There’s a new Chinese movie out – Wandering Earth. Chinese people are pretty excited about it. It made a bajillion RMB during Spring Festival. It’s currently the second-highest rated film on Douban. It’s been written about extensively by Western media, which unanimously crowned it “China’s first sci-fi blockbuster”. It accomplished the rare feat of uniting both Western film critics and Chinese government officials in praise. Intrigued, I went to see it. I did find something very interesting in it, but not what you might expect.
The film’s set-up goes something like this. Sometime in the not-too-distant future, Earth is falling apart. This is due to the sun, which is dying. In fact, things have gotten so bad, humanity has migrated to underground cities. You now need a space suit to go to the surface. A global government has mobilized and built 20,000 rocket thrusters on the surface of the planet, turning Earth in effect into a giant spaceship. The idea is to navigate our way to another solar system, a trip which will take a thousand generations. Unfortunately, around Jupiter, something goes wrong, Earth is sucked into Jupiter’s gravitational pull and it’s going to slam into it in 36 hours. Unless someone saves the day. Cue unlikely-but-ultimately-heroic effort.
Doesn’t sound terribly original, so why are people so excited about it?
First there are the special effects. That’s usually the first thing Chinese people say about the film. They’re pretty good, much better than clunky 3D disappointment of The Monkey King (both the 2014 original and the 2016 sequel) which was China’s last big attempt at CGI verisimilitude (Journey to the West, btw, is just screaming for proper CGI glory). Simon Abrams, writing on RogerEbert.com, wrote that the film “looks better than most American special-effects spectaculars.” So, yes, China officially has a seat at the controls of the reality studio, fully capable of convincing your average filmgoer that the earth is about to explode, ready to write the future into existence.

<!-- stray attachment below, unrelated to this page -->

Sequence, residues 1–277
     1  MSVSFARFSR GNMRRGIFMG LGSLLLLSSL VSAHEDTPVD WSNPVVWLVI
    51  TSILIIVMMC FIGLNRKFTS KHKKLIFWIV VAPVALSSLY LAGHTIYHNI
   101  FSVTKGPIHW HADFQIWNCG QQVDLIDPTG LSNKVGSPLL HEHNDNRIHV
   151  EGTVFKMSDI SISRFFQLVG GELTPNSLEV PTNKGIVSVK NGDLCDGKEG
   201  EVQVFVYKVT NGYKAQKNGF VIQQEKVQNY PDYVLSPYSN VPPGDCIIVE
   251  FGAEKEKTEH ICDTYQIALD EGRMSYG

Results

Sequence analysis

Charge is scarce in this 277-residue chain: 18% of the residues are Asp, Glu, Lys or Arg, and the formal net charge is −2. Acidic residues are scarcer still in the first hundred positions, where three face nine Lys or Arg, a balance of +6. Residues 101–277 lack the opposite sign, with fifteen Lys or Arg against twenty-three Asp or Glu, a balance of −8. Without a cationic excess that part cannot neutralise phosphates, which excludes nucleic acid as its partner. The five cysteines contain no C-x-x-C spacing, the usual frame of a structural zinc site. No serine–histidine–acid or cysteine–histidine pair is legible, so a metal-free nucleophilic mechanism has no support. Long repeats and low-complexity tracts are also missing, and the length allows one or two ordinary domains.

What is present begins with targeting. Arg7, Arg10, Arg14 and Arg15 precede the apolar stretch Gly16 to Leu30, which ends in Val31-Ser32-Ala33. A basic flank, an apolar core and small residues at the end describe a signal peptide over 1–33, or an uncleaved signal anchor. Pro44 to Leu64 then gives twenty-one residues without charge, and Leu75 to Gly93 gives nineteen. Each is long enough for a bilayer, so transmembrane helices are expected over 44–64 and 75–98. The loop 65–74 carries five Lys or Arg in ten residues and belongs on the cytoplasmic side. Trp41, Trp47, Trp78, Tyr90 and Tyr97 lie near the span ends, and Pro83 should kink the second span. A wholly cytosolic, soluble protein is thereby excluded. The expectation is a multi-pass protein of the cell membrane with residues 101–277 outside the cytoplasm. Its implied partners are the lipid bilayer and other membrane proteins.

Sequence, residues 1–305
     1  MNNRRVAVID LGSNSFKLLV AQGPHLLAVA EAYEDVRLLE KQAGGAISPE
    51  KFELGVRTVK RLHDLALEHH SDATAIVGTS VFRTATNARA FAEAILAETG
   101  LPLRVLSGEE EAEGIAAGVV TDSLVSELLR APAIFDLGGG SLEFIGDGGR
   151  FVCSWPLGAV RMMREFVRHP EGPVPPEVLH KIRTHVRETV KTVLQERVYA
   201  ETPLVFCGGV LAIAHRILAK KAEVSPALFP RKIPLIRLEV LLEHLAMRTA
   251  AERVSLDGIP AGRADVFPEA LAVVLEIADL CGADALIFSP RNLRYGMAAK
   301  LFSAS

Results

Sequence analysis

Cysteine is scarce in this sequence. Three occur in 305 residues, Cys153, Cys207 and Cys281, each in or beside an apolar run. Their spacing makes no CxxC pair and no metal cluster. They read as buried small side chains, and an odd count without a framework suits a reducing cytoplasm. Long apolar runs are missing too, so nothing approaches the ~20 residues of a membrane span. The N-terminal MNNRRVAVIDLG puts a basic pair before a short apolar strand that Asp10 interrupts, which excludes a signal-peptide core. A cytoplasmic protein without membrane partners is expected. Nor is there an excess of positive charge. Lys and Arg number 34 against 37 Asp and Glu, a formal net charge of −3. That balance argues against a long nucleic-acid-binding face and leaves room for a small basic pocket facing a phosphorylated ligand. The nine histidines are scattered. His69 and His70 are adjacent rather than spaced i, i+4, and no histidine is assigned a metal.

Then there’s the made-in-China angle. The actors are Chinese. The director is Chinese. 75% of special effects were done in China. The story came from a Chinese writer. This isn’t just another sci-fi blockbuster, it’s a made-in-China sci-fi blockbuster. Seen from this angle, it’s not too different from Huawei taking market share from Apple or Wechat one-upping Facebook. Against the backdrop of Trade War, this is a real consideration. Blockbusters, up to now, meant RMB flowing into Hollywood pockets. Wandering Earth reverses the flow of silver.